Enough sleep of proper quality is an essential ingredient of a healthy life. How do you know whether you sleep enough though? And more importantly: how do you know that the sleep you get is truly of a satisfactory quality?
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The short answer to that is Fitbit. The longer answer is “your Fitbit Sleep Score.” This score tells you how well you sleep. It even gives you clues on how you can improve your sleep.
This article in short:
- Fitbit uses smart-watch technology to track your sleep stages and to deliver a wealth of information on the variables that make up a night’s sleep.
- The Fitbit Sleep Score considers the time spent asleep, sleep stages, and restoration.
- These variables are tracked through a pulse oximeter, an accelerometer, and other cutting edge sensors.
- Fitbit sleep tracking is surprisingly accurate and consistent.
- Use your Fitbit Sleep Score to identify sleep disorders and to improve your sleep.
What is Fitbit?
Fitbit is a company that makes a range of fitness-focused smart-watches and fitness bands. In this article, we shall call “Fitbit” all such devices that support the sleep-tracking suite the company offers.
There are several products in Fitbit’s lineup which offer such a feature. The product line is quite diverse. It covers Fitbit Inspire, which costs around $100, the Fitbit Ionic ($220) and several other products in-between, such as the Fitbit Versa and Fitbit Charge.
For sleep-stage tracking, all devices that support the feature are equal. Also, according to user tests and feedback, Fitbit sleep quality readings are impressively consistent across their entire product range.
Is Fitbit as Accurate as a Sleep Study?
A 2019 study published in the Journal of Clinical Sleep Medicine tried to determine whether Fitbit sleep trackers can be used to diagnose sleep problems such as obstructive sleep apnea (OSA) and serve as an alternative to polysomnography (sleep study).
For this purpose they put 65 OSA patients through a sleep study while wearing a Fitbit. Turns out Fitbit was not very accurate and overestimated total sleep time, while underestimating time awake and the time it takes to fall asleep.
This means that it is possible that you do suffer from OSA even though Fitbit shows that you don’t. In fact, Fitbit only confirmed the OSA diagnosis in 55 out of the 65 sufferers (85%).
The most accurate measure was the time spent in REM (Rapid Eye Movement, or Dream) sleep.
Another 2019 study found that the Fitbit also overestimated sleep efficiency, and unlike what the above study found, the time it takes to fall asleep was found to be accurate.
What is Fitbit Sleep Score?
The Fitbit Sleep Score is a score calculated by the Fitbit app. This score is range-bound between 0 and 100. It describes the overall quality of sleep, considering several variables.
- A score between 90 and 100 is excellent.
- 80-89 is good. If your score falls in this range, your sleeping habits do not leave much room for improvement.
- A score of 60-79 is fair. Your sleep is OK, but you can certainly improve it.
- Anything that falls below 60 is poor sleep. If you consistently score in this range, do make an effort to change your sleep habits. You may even want to enlist the help of a sleep consultant such as myself.
To set this score, Fitbit tracks several sleep-influencing factors.
Time spent asleep accounts for 50 percent of your overall Fitbit Sleep Score. This variable tells you exactly how much time you spent asleep and awake after going to bed. The app offers superb details and even a graph, depicting when you were awake and when you slept. The more time you spend asleep and the less awake, the better this part of your score will be.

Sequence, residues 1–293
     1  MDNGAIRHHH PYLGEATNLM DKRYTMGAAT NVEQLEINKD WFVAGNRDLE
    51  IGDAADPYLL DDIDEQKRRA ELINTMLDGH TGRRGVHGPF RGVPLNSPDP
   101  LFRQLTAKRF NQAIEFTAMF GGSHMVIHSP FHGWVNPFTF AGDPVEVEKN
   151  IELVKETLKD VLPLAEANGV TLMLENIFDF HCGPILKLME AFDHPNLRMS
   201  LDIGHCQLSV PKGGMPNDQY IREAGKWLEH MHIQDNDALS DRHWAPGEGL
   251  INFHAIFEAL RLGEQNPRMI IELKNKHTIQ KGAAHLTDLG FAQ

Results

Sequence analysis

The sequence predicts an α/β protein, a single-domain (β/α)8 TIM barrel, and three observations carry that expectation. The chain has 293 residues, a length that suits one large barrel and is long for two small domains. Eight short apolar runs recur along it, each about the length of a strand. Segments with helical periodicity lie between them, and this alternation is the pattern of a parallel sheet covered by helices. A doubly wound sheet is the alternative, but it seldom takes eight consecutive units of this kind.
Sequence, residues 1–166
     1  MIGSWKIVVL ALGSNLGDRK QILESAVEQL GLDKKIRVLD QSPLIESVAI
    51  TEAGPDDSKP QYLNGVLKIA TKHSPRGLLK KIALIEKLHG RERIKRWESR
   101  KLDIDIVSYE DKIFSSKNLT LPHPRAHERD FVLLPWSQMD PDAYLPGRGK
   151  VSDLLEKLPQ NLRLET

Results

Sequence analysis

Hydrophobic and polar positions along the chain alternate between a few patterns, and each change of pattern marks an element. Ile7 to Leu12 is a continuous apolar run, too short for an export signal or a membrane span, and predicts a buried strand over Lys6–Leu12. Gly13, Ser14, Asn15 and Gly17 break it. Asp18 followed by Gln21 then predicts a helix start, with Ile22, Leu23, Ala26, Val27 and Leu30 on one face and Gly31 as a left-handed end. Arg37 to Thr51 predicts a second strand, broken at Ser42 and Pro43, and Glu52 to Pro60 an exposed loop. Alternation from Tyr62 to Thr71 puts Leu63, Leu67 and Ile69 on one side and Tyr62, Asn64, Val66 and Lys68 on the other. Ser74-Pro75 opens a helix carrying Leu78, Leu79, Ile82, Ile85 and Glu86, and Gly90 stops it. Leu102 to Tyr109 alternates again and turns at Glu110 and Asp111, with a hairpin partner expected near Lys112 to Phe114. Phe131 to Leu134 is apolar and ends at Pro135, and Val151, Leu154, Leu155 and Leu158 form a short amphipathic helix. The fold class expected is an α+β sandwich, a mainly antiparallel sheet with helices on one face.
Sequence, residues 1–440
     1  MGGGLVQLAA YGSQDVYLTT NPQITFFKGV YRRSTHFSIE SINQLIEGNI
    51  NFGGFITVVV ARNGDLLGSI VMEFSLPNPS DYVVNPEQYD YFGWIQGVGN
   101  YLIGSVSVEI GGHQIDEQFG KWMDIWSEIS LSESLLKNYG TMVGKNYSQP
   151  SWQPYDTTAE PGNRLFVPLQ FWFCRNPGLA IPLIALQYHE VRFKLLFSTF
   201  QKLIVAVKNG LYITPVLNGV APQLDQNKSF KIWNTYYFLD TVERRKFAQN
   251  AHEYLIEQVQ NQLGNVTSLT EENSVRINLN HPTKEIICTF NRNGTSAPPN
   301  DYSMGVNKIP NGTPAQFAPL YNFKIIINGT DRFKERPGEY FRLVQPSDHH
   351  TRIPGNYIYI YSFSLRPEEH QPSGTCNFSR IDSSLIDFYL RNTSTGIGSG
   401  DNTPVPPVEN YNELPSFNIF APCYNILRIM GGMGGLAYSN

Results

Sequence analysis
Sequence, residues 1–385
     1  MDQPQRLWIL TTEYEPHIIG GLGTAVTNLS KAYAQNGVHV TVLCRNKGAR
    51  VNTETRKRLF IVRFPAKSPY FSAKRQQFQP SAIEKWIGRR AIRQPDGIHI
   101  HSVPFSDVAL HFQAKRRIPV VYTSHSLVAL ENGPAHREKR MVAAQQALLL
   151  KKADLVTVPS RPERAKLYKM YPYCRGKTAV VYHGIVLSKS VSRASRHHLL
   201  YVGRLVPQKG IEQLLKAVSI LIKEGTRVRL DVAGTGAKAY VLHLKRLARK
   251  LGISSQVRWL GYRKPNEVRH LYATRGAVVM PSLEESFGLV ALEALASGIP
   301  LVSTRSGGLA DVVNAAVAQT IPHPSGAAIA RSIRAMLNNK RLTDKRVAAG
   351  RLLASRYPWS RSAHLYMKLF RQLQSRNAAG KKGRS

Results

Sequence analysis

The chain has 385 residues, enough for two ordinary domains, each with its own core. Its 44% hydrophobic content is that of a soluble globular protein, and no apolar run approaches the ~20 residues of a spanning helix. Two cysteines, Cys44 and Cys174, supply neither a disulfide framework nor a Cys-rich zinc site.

Sleep Stages. This is a relatively new feature, accounting for 25 percent of your Sleep Score. Fitbit tracks four sleep stages: deep sleep, light sleep, REM sleep, and being awake.
The app features a handy graph, which showcases the duration as well as the exact time of different sleep stages. Below the graph, it offers exact information on the duration of each sleep stage. You will probably be surprised to see how many times you awaken during the night. Granted, the accuracy of the system in this regard is not 100 percent.
Restoration tracks the quality of your sleep based on how much you toss and turn. To derive such data, the device tracks the wearer’s resting heart rate and compares it with the below-resting-rates logged during sleep. Whenever your heart rate jumps above your resting heart rate, it assumes you are awake, tossing, and turning.
Again, the app offers a superb graph to illustrate exactly when during the night your tossing-and-turning occurs. Like Sleep Stages, restoration accounts for some 25 percent of your Fitbit Sleep score.
How to Get Proper Fitbit Sleep Readings
As mentioned, you need your Fitbit device to establish certain baseline values for your heart rate.
Thus, to set your resting heart rate, you need to wear the device during the day. Then, at night, your Fitbit can compare your sleeping heart rate to your resting one.
That is the only effort you need to invest in having your sleep tracked. Other than that, the device needs to be charged (a charge will last about five days).
Remember to synchronize your Fitbit device with your app in the morning.
Interpreting the Fitbit Sleep Score
You can interpret your Fitbit Sleep Score in many ways. You can even use it to track the effects of various supplements that claim to help you achieve lucid dreaming.
Light sleep is supposed to make up the majority of your sleep stages. It is followed by REM sleep and deep sleep. It is normal to awaken now and then during the night. If your Fitbit registers scores of micro-awakenings however, it may be a sign of sleep apnea.